Roman Singer - Seeing in slow motion.

Signer’s works have acquired the label ‘time-sculpture’. They share traditional sculpture’s concern with the crafting of physical materials in three dimensions, but they extend that concern into what may or may not be characterised as the fourth dimension: the dimension of time. Time-sculpture investigates the transformation of materials through time, focusing the viewer’s attention on the experience of the event, the changes wrought, and the forces involved. Variously combining three-dimensional objects, live action, still photography and moving-image documentation, Signer’s time-sculptures frame episodes of the containment and release of energy − always with ingenuity, often with captivating, epigrammatic swiftness and irresistible humour. In Cap with Rocket (Mütze mit Rakete 1983), for example, a length of string connects a firework and a knitted hat that Signer has pulled over his head. The firework is ignited; it shoots into the air and whisks the hat away, revealing the artist’s face. In Stool − Kurhaus Weissbad (Hocker − Kurhaus Weissbad 1992) a small explosion triggers the catapulting of a four-legged stool out of a window; the stool sails through the air and crashes to earth. In Kamor (Kamor 1986) a gunpowder explosion at the summit of a small mountain in the Swiss canton of Appenzell produces a burst of flame and a plume of smoke and momentarily lends the summit the appearance of a live volcano. In Attaché Case (Aktenkoffer 1989/2001) a concrete-filled briefcase is taken on a short ride in a fast machine − a helicopter, to be precise. At a height of about a hundred metres it is dropped. Like a meteorite, it plummets into a grassy field and gouges a deep crater in the turf.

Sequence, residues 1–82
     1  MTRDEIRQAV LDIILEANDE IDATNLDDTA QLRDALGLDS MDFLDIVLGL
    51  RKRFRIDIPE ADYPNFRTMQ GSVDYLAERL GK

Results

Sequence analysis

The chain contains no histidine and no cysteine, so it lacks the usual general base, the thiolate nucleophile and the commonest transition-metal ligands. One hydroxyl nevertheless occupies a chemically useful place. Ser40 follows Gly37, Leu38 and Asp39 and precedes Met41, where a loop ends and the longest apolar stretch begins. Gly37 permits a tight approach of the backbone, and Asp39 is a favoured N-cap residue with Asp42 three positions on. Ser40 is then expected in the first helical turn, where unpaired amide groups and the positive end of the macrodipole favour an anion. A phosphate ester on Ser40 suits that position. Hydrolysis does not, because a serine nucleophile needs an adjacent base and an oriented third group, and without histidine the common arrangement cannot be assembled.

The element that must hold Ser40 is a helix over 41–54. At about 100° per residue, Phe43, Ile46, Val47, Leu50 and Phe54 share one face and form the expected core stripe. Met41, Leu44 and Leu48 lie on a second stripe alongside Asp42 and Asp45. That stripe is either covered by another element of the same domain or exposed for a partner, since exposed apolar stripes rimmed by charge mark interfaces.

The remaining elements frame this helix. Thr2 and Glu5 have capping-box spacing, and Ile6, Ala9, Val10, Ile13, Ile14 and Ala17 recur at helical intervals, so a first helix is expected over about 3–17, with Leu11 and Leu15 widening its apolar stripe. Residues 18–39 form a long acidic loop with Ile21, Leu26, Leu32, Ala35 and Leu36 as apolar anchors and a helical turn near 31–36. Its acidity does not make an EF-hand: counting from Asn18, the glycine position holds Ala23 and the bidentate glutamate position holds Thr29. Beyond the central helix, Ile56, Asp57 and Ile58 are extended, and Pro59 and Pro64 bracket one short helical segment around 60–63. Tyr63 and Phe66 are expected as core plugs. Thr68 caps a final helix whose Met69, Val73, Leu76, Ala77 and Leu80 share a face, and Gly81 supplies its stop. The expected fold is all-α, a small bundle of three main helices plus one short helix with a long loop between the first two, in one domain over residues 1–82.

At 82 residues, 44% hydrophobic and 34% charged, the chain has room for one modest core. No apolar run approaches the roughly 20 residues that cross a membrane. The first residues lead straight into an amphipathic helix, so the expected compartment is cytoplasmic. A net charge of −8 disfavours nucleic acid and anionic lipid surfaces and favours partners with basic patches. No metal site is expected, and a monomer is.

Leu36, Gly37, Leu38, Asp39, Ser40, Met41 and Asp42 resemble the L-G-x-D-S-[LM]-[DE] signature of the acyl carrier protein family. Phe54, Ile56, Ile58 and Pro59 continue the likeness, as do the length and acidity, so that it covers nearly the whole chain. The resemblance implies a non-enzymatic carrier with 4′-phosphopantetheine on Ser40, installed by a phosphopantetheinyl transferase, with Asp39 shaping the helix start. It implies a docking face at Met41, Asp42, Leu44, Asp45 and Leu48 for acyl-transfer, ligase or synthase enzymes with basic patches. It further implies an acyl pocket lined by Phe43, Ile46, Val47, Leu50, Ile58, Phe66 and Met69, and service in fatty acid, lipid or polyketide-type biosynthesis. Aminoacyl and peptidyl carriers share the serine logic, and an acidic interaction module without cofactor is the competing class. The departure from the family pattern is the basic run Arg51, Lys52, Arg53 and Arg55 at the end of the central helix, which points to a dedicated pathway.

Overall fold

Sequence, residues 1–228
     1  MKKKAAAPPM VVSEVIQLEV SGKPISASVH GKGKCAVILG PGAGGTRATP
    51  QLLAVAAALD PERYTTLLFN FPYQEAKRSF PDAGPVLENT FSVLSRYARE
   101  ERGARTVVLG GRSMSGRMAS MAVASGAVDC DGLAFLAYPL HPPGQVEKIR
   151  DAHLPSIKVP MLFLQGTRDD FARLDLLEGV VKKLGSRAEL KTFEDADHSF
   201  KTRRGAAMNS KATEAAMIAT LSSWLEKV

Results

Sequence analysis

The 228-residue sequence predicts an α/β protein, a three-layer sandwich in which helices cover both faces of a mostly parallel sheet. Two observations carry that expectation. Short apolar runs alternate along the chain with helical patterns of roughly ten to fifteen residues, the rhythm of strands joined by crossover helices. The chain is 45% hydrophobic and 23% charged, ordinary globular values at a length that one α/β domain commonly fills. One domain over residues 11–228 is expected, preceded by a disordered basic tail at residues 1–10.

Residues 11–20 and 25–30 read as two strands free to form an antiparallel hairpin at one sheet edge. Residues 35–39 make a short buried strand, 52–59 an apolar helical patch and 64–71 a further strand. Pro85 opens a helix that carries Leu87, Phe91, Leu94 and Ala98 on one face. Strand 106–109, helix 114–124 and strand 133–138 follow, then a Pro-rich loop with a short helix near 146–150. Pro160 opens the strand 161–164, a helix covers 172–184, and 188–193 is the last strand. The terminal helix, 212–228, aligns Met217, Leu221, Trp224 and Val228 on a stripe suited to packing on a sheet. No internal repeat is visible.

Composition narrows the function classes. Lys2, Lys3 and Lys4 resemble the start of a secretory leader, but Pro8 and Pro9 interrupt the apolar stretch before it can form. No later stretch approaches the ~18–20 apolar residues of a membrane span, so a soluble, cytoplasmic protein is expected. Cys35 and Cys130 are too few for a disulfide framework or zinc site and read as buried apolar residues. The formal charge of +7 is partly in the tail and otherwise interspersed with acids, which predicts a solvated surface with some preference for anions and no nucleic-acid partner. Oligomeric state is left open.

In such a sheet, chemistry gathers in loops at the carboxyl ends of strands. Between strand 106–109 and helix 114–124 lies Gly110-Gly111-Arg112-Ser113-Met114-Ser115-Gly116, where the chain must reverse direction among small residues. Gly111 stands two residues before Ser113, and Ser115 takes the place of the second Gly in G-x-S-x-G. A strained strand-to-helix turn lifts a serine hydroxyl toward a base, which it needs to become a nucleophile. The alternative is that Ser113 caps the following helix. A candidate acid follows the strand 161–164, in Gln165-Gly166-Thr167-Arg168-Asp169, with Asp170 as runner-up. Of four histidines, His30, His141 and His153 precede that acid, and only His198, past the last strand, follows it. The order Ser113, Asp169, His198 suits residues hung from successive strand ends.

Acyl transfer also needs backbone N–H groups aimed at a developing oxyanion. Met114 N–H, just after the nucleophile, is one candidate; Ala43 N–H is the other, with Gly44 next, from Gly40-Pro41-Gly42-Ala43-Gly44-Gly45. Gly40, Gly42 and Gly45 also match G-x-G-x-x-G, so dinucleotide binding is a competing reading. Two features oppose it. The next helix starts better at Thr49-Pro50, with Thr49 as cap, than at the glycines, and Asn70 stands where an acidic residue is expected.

Simple! And in some ways, the step from sculpture to time-sculpture is indeed beautifully simple: elementary, to borrow a word the artist himself has often associated with his work. In the face of the striking immediacy and poetic plasticity of Signer’s pieces, critical commentaries can sometimes seem frankly redundant − like a dull-witted, pedantic glossing of a perfectly-timed, beautifully-judged joke. The critic is dogged by the suspicion that (to co-opt a phrase from Simon Critchley) a time-sculpture ‘explained’ might be a time-sculpture misunderstood. From a seemingly restricted palette of processes and materials, Signer generates a poetics whose tones range from the melancholy to the thrilling, from the charming to the violent, from the grave to the frankly, irresistibly silly, and many points north, south, east and west of these affective co-ordinates.

© Rachel Withers 2007, Excerpt from: Withers, Rachel, 'Collector’s Choice. Roman Signer (engl.). Volume 07', Cologne: Dumont Literatur und Kunst Verlag, 2007